Answer to Question #7790 Submitted to "Ask the Experts"

Category: Pregnancy and Radiation — Conception after exposures

The following question was answered by an expert in the appropriate field:

My husband had a CT (computerized tomography) scan from his waist down to the legs. I believe that I became pregnant right after his CT scan, so we are worrying about the baby's health and considering an abortion. Our obstetrician said that the sperm were mature and would not be affected by the radiation. Could you please tell us the effect of CT on sperm?

Thank you for your question. The additional information you provided from your obstetrician is also appreciated.

What your obstetrician said about mature sperm being the ones used for conception is certainly true and it is also true that those sperm are more resistant to effects of radiation than the immature sperm.

What is probably of most interest to you, though, is that the amount of radiation exposure to the sperm from routine medical imaging exams (like a CT exam) is not enough to cause damage. And, if that isn't enough to convince you that there won't be ill effects from the radiation exposure, you will also be interested in knowing that there is no human data showing a link between preconception radiation of the ovaries or testes and genetic effects.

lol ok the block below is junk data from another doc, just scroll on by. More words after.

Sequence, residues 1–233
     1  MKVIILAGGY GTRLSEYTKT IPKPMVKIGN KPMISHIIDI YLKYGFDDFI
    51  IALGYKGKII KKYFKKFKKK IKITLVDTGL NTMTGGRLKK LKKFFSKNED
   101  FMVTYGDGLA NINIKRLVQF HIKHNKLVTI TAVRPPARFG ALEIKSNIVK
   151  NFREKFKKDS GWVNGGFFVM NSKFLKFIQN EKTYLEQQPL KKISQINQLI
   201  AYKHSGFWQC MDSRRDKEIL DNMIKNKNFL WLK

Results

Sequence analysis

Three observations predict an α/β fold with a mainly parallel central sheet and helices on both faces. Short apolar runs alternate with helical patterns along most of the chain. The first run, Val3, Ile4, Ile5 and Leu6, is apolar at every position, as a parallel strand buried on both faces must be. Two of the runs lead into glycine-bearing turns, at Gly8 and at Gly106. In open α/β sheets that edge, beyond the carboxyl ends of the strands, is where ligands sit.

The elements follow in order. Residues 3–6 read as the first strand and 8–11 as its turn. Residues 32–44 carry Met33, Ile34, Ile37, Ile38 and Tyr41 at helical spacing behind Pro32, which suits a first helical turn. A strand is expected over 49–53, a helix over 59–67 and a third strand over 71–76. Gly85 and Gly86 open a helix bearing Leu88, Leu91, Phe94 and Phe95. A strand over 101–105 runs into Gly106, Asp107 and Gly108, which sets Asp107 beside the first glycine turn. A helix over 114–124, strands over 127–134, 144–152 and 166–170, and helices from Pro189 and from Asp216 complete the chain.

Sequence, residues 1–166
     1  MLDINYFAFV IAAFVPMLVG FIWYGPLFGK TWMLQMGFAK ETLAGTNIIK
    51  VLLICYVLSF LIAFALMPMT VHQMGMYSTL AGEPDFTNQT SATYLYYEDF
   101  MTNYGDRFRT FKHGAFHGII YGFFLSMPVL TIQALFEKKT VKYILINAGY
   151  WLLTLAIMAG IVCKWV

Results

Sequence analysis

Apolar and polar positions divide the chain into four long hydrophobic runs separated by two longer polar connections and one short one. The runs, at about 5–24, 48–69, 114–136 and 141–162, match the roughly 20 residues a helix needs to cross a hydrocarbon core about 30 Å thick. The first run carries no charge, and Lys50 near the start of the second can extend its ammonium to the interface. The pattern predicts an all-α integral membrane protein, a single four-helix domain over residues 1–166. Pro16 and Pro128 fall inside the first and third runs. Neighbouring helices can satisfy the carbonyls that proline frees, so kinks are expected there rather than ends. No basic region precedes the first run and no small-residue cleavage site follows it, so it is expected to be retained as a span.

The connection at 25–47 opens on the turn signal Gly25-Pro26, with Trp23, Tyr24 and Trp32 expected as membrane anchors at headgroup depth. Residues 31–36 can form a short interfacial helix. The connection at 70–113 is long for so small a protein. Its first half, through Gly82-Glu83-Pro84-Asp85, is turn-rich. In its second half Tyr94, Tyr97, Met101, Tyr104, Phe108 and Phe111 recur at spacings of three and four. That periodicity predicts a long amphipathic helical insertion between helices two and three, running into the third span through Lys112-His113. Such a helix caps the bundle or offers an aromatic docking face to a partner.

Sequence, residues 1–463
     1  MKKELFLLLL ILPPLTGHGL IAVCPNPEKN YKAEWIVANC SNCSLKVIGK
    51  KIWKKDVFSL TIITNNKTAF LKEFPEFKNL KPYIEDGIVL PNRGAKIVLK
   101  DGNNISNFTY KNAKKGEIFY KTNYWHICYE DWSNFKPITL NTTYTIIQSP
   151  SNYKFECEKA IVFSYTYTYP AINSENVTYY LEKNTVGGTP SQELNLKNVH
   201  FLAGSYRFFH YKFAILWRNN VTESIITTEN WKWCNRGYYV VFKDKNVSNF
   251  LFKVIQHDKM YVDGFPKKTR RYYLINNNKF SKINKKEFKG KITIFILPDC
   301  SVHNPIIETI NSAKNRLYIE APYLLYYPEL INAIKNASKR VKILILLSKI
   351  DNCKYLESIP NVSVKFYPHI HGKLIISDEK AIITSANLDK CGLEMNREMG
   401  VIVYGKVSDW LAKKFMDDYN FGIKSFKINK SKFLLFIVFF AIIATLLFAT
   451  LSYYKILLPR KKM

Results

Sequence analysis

The radiation exposure will not have caused any harmful effects for the pregnancy. However, you should also know that there is a normal rate of genetic effects in the population of the United States; this means that the outcome of some pregnancies will be a child with genetic defects regardless of any radiation exposure.

The Health Physics Society has provided information for physicians on radiation and pregnancy in our Physicians Documents area. Your obstetrician might be interested in this information and it might help her counsel you on your pregnancy.

Kelly Classic
Certified Medical Health Physicist

Answer posted on 28 August 2008. The information posted on this web page is intended as general reference information only. Specific facts and circumstances may affect the applicability of concepts, materials, and information described herein. The information provided is not a substitute for professional advice and should not be relied upon in the absence of such professional advice. To the best of our knowledge, answers are correct at the time they are posted. Be advised that over time, requirements could change, new data could be made available, and Internet links could change, affecting the correctness of the answers. Answers are the professional opinions of the expert responding to each question; they do not necessarily represent the position of the Health Physics Society.